Radiographic evaluation of porosities in removable partial denture castings Arthur J. Lewis, D.D.S., M.D.Sc.* University of Western Australia, Dental School, Perth, Western Australia
The presence of porosities in a casting will predispose the prosthesis to failure in one of two ways. A large discrete void will so reduce the cross-sectional thickness of metal at some point that simple tensile failure may occur. Such voids are readily visible during an exammation of fracture sites. However, smaller intrametallic defects, frequently consisting of aggregations of micropores, may cause failure by acting as initiation sites for fatigue cracks. Such microporosity is not detectable at fracture surfaces since it is rendered inconspicuous by the invariably coarse and highly dendritic surface texture of castings. This study was undertaken primarily to determine by the use of radiography the total extent of porosity in removable partial denture castings. The distribution of porosities within partial denture frameworks was also investigated. MATERIALS A N D M E T H O D S The study was undertaken in two parts. Initially radiographs were made of 50 castings constructed of four different alloys. The distribution was as follows: Ticonium Premium 100,'~ 22; Vitallium,~ 9; Nobilium,w 6; and Crutanium,[ 13. All castings were technically sound, but each had been rejected for clinical reasons. During examination of the radiographs the following data on the castings were recorded: (1) whether the casting was for an upper or a lower partial denture, (2) number of radiolucencies considered definitely indicative of internal porosity, (3) morphology of the porosity, (4) occurrence of radiolucencies probably indicative of internal porosity,
*Chairman, Department of Prosthodontics. "~Ticonium Division, CMP Industries, Albany, N. Y. :~Austenal Products, New York, N. Y. w Products Inc., Chicago, Ill. HFried Krupp, GMBH Widia-Fabrik, Essen, West Germany. 278
and (5) location of radiolucencies Within the removable partial denture frameworks. For the radiography a Mueller Macrotank L* xray generator was used in conjunction with a standard 15 by 4 inch (38 by 10 cm) AGFA Gevaert Structurix D 7 t fine-grain film. Each sheet was kept in an individual black plastic light-opaque folder and was further protected by lead shields, which were removed only shortly before the film was exposed. The removable partial denture castings were positioned on the surface of the folder in such a way that a large amount of metal was close to the film plane. This usually resulted in occlusal rests and retainers being in contact with the folder, while palatal bars and other parts were kept away from it. Each denture was given a code number, and similar lead numerals were included in the exposure so that cross-identification was possible. Trials indicated that, when using a 24 inch (61 cm) target-film distance and when restricting the lateral spread of castings on the folder to a maximum width of 7 inches (18 cm), all sections of the castings could be recorded in focus on the film. The exposures were made at 4.0 mamp and 90 kV for 70 seconds. This produced maximum contrast between sound and porous metal. Following the radiography the 50 castings were fractured by holding each in the jaws of two longnosed pliers and then exerting a torsional load. Initial experimentation indicated that the castings should be held loosely to minimize any tendency to directly establish the fracture site. The castings broke into from four to seven fragments, with breaks usually occurring through the midline fracture of bars, at the separation of retainer arms, and at the retentive grids. All fracture surfaces were subse-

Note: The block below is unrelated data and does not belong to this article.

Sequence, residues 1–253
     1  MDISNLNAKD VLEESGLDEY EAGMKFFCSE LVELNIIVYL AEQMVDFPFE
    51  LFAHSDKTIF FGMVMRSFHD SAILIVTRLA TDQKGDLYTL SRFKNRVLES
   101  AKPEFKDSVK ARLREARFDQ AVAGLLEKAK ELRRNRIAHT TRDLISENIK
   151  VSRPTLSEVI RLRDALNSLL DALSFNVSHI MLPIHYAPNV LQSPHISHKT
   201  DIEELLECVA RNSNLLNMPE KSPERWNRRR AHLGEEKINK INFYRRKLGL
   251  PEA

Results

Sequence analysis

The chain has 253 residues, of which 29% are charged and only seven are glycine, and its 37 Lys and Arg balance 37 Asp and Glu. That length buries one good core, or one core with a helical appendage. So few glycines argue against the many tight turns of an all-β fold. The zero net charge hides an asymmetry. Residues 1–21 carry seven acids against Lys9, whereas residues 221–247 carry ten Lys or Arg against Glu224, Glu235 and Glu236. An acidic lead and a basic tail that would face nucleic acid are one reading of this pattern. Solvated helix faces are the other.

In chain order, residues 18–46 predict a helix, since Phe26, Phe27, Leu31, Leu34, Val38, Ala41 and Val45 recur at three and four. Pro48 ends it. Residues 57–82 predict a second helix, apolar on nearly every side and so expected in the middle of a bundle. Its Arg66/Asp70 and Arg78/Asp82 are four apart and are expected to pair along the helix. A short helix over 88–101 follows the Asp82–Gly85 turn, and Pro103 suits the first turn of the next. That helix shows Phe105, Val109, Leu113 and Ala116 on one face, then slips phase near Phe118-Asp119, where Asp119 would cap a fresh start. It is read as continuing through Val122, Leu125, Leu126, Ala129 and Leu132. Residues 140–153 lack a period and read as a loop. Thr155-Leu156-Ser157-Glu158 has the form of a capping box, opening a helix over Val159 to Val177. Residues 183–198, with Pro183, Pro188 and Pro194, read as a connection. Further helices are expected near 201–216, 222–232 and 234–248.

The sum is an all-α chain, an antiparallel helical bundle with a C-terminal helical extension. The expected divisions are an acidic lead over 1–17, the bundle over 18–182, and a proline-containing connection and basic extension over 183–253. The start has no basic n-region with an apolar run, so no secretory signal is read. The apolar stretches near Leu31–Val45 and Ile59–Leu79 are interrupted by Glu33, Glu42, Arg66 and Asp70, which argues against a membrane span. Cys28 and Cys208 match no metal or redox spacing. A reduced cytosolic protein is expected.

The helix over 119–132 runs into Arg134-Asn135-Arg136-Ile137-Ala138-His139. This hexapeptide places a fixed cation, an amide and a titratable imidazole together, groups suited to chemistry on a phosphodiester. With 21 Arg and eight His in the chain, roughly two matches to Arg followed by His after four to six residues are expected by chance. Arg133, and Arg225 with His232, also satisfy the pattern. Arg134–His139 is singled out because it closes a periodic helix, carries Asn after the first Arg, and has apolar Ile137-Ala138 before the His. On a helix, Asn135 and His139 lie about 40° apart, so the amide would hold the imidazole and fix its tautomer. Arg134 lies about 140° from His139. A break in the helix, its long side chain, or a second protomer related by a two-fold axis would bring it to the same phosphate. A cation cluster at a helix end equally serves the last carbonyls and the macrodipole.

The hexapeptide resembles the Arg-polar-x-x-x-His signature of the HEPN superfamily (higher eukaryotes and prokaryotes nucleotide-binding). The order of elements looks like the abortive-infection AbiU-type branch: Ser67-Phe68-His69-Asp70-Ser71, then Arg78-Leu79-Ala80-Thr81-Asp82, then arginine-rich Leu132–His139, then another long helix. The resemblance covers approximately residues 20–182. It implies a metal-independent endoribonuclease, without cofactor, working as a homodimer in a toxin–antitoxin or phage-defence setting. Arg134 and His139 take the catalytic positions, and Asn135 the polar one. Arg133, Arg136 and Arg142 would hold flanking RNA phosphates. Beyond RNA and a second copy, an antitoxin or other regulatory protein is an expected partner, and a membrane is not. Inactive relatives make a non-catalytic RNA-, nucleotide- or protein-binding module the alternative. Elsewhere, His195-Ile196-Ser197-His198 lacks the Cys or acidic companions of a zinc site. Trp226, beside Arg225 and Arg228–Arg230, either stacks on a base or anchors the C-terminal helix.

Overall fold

*C. H. F. Mueller, GMBH, Hamburg, West Germany. "~AGFAGevaert, N. V., Mortsel, Belgium. 0022-3913/78/0339-0278500.40/09 1978The C. V. MosbyCo.
RADIOGRAPHIC EVALUATION OF DENTURE CASTING POROSITIES
Table I. Evaluation of porosity in removable partial denture castings as determined by radiographs Alloy
No. of castings Upper Lower
22 8 14
9 7 2
6 4 2
13 5 8
3 5 2 -2 -4 3
1 3 1 2 --1 1
2 3 --1 -
2 3 2 2 -2 5 -
No. of flaws N o flaws detected No definite flaws detected 1 flaw 2 flaws 3 flaws 4 flaws 5 flaws In excess of 5 Multiple areas Probable m u l t i p l e areas Voids
quently examined under a stereo microscope. In the second part of the project radiographs were taken of approximately 200 castings, half of which were of a nickel-base alloy* and the remainder of a cobalt-base alloy.~ All castings were technically and clinically acceptable. The radiographs were analyzed for the desired data with a high-intensity viewer designed for industrial radiography. RESULTS The results of the radiographic examination are listed in Table I. Examination of radiographs showed three types of radiolucencies. Large radiolucencies with well defined borders. This type is indicative of the presence of a large void within the casting (Fig. 1). Excluding the Crutanium samples only three were found in the 37 radiographs examined. There was no consistency in their distribution throughout the removable partial denture framework. One occurred in the shoulder region of a buccal arm, the second in an occtusal rest, and the third in the region of connection between a metal backing and an anterior palatal bar. Small radiolucencies with diffuse outlines. These occurred more frequently and most of the castings * T i c o n i u m P r e m i u m 100, T i c o n i u m Division, C M P Industries, Albany, N. Y. ~'Nobilium, N o b i l i u m P r o d u c t s Inc., Chicago, Ill.
THE JOURNAL OF PROSTHETIC DENTISTRY
F i g . 1. R a d i o g r a p h s h o w i n g a l a r g e v o i d i n t h e s h o u l d e r r e g i o n o f a r e t a i n e r . T h e v o i d is c o m p l e t e l y c o n t a i n e d within the casting; the apparent lack of metal on one side resulted from the exposure conditions.
Fig, 2. Radiograph showing widespread diffuse porosity within a removable partial denture casting. showed at least one such radiolucency. Only four of the 50 castings were considered to be entirely free of such defects, although in five castings it was felt that the radiolucencies could not definitely be attributed to the presence of porosity. Widespread diffuse porosity with several voids is shown in Fig. 2. Aggregates of small radiolucencies with diffuse outlines. These aggregates tend to occur in characteristic locations. The classification of "multiple areas" used in Table I refers to this type of complex. An example is shown in Fig. 3. After the fragmentation of the frameworks the coarse dendritic texture at most of the fracture surfaces made detection of internal voids difficult. No problem was encountered when the voids were larger than any part of the dendritic geometry. However, as size diminished it was not possible to determine whether a particular small surface indentation was part of the wall of an internal cavity or 279